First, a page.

Former US president Barack Obama is among those to have paid tribute to “blessed” actor Chadwick Boseman, who has died aged 43 after a battle with cancer.
In an announcement that stunned Hollywood, the family of Boseman – best known for playing Marvel superhero Black Panther – said he had been diagnosed with colon cancer four years ago.
He died at home surrounded by his loved ones, including wife Taylor Simone Ledward, his family said.
He never discussed the illness publicly and films including Black Panther, Da 5 Bloods and Avengers: Endgame were all filmed “during and between countless surgeries and chemotherapy”, they added.
Retweeting a post by Boseman which included a picture of the pair talking, Mr Obama recalled meeting the actor when he visited the White House to work with children while he was starring in 2013 film 42.
“You could tell right away that he was blessed,” the former president tweeted.
“To be young, gifted, and Black; to use that power to give them heroes to look up to; to do it all while in pain – what a use of his years.”
Chadwick came to the White House to work with kids when he was playing Jackie Robinson. You could tell right away that he was blessed. To be young, gifted, and Black; to use that power to give them heroes to look up to; to do it all while in pain – what a use of his years. https://t.co/KazXV1e7l7
— Barack Obama (@BarackObama) August 29, 2020
Marvel chief Kevin Feige, who cast him as Black Panther, said his death was “absolutely devastating”, while Get Out filmmaker Jordan Peele said it was a “crushing blow”.
Boseman was cast as superhero T’Challa, the king of African nation Wakanda, in 2014, and made his debut as the character in 2016’s Captain America: Civil War.
The release of Black Panther in 2018, two years after Boseman was diagnosed with stage three colon cancer, was a landmark moment for representation in Hollywood.
Our hearts are broken and our thoughts are with Chadwick Boseman’s family. Your legacy will live on forever. Rest In Peace. pic.twitter.com/YQMrEJy90x
— Marvel Entertainment (@Marvel) August 29, 2020
Both the film and Boseman’s portrayal of the titular superhero achieved universal acclaim as well as huge success at the box office.
It grossed more than 1.3 billion dollars worldwide (about £974 million) and earned an Academy Award best picture nomination, the first superhero movie to do so.
It also sparked a worldwide celebration of African culture, with the character’s famous “Wakanda Forever” salute inspiring millions of people to feel an added sense of pride in their African heritage.
A sequel, Black Panther 2, had been set for release in 2022, but it is unclear what will now happen with the film.
Born in South Carolina, Boseman originally wanted to become a writer and director, graduating from Howard University in 2000 with a Bachelor of Fine Arts in directing.
After moving to Los Angeles to pursue his acting career, Boseman’s breakthrough role came in 42, in which he starred as baseball pioneer Jackie Robinson.
Boseman again assumed the role of a revered African American figure when he starred as soul singer James Brown in the 2014 film Get on Up.
His most recent film was Spike Lee’s Da 5 Bloods, which arrived in June. He played a US soldier killed in action during the Vietnam War and was widely lauded for the performance.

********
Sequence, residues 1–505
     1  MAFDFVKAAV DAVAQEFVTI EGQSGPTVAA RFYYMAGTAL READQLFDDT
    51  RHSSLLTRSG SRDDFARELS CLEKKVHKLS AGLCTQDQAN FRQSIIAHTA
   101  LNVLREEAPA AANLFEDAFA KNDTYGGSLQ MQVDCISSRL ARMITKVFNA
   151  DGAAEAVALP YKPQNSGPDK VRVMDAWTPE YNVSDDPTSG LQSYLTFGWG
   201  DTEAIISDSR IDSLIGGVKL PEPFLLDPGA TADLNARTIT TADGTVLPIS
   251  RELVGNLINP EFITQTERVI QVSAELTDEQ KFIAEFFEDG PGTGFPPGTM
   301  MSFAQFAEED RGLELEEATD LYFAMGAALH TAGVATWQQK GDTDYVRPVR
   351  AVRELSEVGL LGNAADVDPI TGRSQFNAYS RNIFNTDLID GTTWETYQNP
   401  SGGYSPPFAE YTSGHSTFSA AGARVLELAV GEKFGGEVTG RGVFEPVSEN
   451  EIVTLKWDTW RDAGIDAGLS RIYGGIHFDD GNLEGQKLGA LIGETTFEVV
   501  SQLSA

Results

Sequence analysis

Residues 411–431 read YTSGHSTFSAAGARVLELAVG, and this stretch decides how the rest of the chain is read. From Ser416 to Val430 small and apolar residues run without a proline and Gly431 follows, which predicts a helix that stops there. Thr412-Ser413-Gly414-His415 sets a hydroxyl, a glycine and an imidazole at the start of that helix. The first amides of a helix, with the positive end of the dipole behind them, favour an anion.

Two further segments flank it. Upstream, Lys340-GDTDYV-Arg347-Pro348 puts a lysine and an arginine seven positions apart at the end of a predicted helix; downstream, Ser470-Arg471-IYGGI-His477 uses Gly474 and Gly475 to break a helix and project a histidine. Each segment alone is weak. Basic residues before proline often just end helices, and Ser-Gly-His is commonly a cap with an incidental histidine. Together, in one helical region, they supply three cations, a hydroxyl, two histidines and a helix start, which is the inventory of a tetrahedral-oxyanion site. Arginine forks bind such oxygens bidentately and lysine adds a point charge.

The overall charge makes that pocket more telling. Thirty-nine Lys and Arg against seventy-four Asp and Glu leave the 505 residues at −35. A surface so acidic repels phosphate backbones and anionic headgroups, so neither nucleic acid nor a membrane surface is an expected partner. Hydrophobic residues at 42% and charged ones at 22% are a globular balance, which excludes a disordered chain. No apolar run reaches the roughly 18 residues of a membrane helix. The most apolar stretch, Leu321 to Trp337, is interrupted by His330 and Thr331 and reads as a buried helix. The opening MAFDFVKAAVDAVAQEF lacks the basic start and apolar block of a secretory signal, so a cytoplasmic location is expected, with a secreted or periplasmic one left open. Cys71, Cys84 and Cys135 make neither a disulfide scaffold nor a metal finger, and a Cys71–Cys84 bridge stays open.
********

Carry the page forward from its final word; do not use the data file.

Boseman is set to make a posthumous appearance alongside Viola Davis in upcoming drama film Ma Rainey’s Black Bottom.
Announcing his death, the family said: “It is with immeasurable grief that we confirm the passing of Chadwick Boseman. It was the honour of his life to bring King T’Challa to life in Black Panther.”
In his tribute, Feige, the mastermind behind the extraordinarily successful Marvel Cinematic Universe, said: “Chadwick’s passing is absolutely devastating. He was our T’Challa, our Black Panther, and our dear friend. Each time he stepped on set, he radiated charisma and joy, and each time he appeared on screen, he created something truly indelible.
Such a brutal loss. RIP, Chadwick.
— Ryan Reynolds (@VancityReynolds) August 29, 2020
“He embodied a lot of amazing people in his work, and nobody was better at bringing great men to life. He was as smart and kind and powerful and strong as any person he portrayed. Now he takes his place alongside them as an icon for the ages. The Marvel Studios family deeply mourns his loss, and we are grieving tonight with his family.”
British actor Martin Freeman also starred in Black Panther, and said he is “absolutely shocked” by Boseman’s death.
He said: “Chadwick was thoughtful, watchful, and totally committed in his work. A boyish grin and a contagious laugh.
“To still do what he did, when he must have been going through some terrible physical and emotional pain, is testament to the man.
“My heartfelt condolences to his family and those he loved. Rest in Peace brother.”
And Andy Serkis, who also starred alongside Boseman in Black Panther, wrote on Instagram: “It is inconceivable to think you are no longer with us Chad. This world needs you, now perhaps more than ever”, before adding “#wakandaforever”.
Joe Biden, the Democratic Party’s presidential nominee, praised Boseman’s impact, saying his portrayal of Black Panther “inspired generations”. His running mate, Kamala Harris, also paid tribute.
Heartbroken. My friend and fellow Bison Chadwick Boseman was brilliant, kind, learned, and humble. He left too early but his life made a difference. Sending my sincere condolences to his family. pic.twitter.com/C5xGkUi9oZ
— Kamala Harris (@KamalaHarris) August 29, 2020
Boseman’s final tweet was a picture of himself alongside Harris, congratulating her on the nomination.
In her tribute, Harris said: “Heartbroken. My friend and fellow Bison Chadwick Boseman was brilliant, kind, learned, and humble. He left too early but his life made a difference. Sending my sincere condolences to his family.”